We’ve heard this argument before: Black men’s anti-police mentality can be attributed to an absence of black fathers in the home.
Sean Bergin, a white TV reporter with News 12 New Jersey, found himself in hot water for espousing that view during a report that was broadcast on Sunday, the Associated Press reports.
Bergin’s report included controversial remarks from Angelique Campbell, a widow whose husband was slain by police officers after he allegedly shot and killed a rookie Jersey City, N.J., police officer. Campbell said of the shooting incident that her husband should have gunned down more cops, but she later apologized for making the statement.
When Bergin heard that some of the police officers were incensed that the TV station was going to air the story with the widow’s comments, he took it upon himself to offer his own commentary. “It’s important to shine a light on this anti-cop mentality that has so contaminated America’s inner cities. The underlying cause of all of this, of course, young black men growing up without fathers,” Bergin said, reports AP.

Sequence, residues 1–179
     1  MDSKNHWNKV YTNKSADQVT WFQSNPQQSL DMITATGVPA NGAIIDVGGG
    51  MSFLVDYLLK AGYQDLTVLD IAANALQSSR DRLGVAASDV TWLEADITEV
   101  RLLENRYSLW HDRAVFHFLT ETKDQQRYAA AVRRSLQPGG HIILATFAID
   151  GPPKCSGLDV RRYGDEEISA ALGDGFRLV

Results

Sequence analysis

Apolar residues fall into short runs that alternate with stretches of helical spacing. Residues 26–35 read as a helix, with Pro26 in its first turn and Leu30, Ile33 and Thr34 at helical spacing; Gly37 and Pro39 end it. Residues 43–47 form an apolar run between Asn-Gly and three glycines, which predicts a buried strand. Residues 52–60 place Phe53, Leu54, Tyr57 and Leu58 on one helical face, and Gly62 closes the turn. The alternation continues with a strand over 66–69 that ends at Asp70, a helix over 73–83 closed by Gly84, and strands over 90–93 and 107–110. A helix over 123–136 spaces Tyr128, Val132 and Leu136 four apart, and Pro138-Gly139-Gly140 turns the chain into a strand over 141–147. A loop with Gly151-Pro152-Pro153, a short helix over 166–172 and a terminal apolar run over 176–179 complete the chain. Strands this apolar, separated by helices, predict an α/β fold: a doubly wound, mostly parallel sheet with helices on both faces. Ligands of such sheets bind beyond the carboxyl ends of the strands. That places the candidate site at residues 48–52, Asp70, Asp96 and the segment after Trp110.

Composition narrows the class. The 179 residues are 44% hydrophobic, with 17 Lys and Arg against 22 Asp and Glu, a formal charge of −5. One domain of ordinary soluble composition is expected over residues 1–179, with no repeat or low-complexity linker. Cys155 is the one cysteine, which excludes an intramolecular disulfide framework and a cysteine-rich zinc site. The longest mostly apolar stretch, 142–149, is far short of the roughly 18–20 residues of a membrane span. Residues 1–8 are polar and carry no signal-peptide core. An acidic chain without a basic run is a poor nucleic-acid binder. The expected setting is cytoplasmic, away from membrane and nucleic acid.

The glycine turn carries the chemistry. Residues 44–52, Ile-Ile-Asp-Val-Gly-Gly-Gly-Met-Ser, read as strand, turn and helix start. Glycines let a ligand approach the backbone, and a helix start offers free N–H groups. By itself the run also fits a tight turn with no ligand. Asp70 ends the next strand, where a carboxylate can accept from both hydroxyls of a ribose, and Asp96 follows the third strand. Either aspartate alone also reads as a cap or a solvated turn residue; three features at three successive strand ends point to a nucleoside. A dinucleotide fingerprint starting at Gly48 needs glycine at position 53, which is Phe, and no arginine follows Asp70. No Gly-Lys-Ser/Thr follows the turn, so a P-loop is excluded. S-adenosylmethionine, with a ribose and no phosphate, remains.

News 12 responded initially by suspending Bergin without pay on Monday and with pay on Tuesday, but then moved to cut his coverage to one story a week. Bergin, who had been covering New Jersey as well as New York City’s Westchester County and Long Island suburbs for the station as a contract employee, also had his coverage limited to Long Island. The decision resulted in Bergin’s pay being slashed from about $1,300 to $300 a week, according to AP.
The TV station released a statement: “It is News 12’s policy that reporters must be objective and not state personal opinions on air,” but declined to comment further on the internal disciplinary action, AP notes.
Bergin has decided to leave the TV station after seven years but defended his words. “If I had it to do over again, I would do the exact same thing,” Bergin said, according to AP. “I broke the rules. I knew I was breaking the rules. But sometimes you have to break the rules to do the right thing.”
He asserted that the media should be more attentive to the problem of young black men growing up without fathers.
Bob Butler, president of the National Association of Black Journalists, weighed in on Bergin’s assessment, suggesting it was flawed. “Are there problems in the inner city with kids without fathers? Yes. But does that make kids violent? No, there are a lot of kids without fathers who go to college, graduate and become upstanding citizens,” Butler said, reports AP. “He’s talking about a social phenomenon where there’s lack of opportunity in communities.”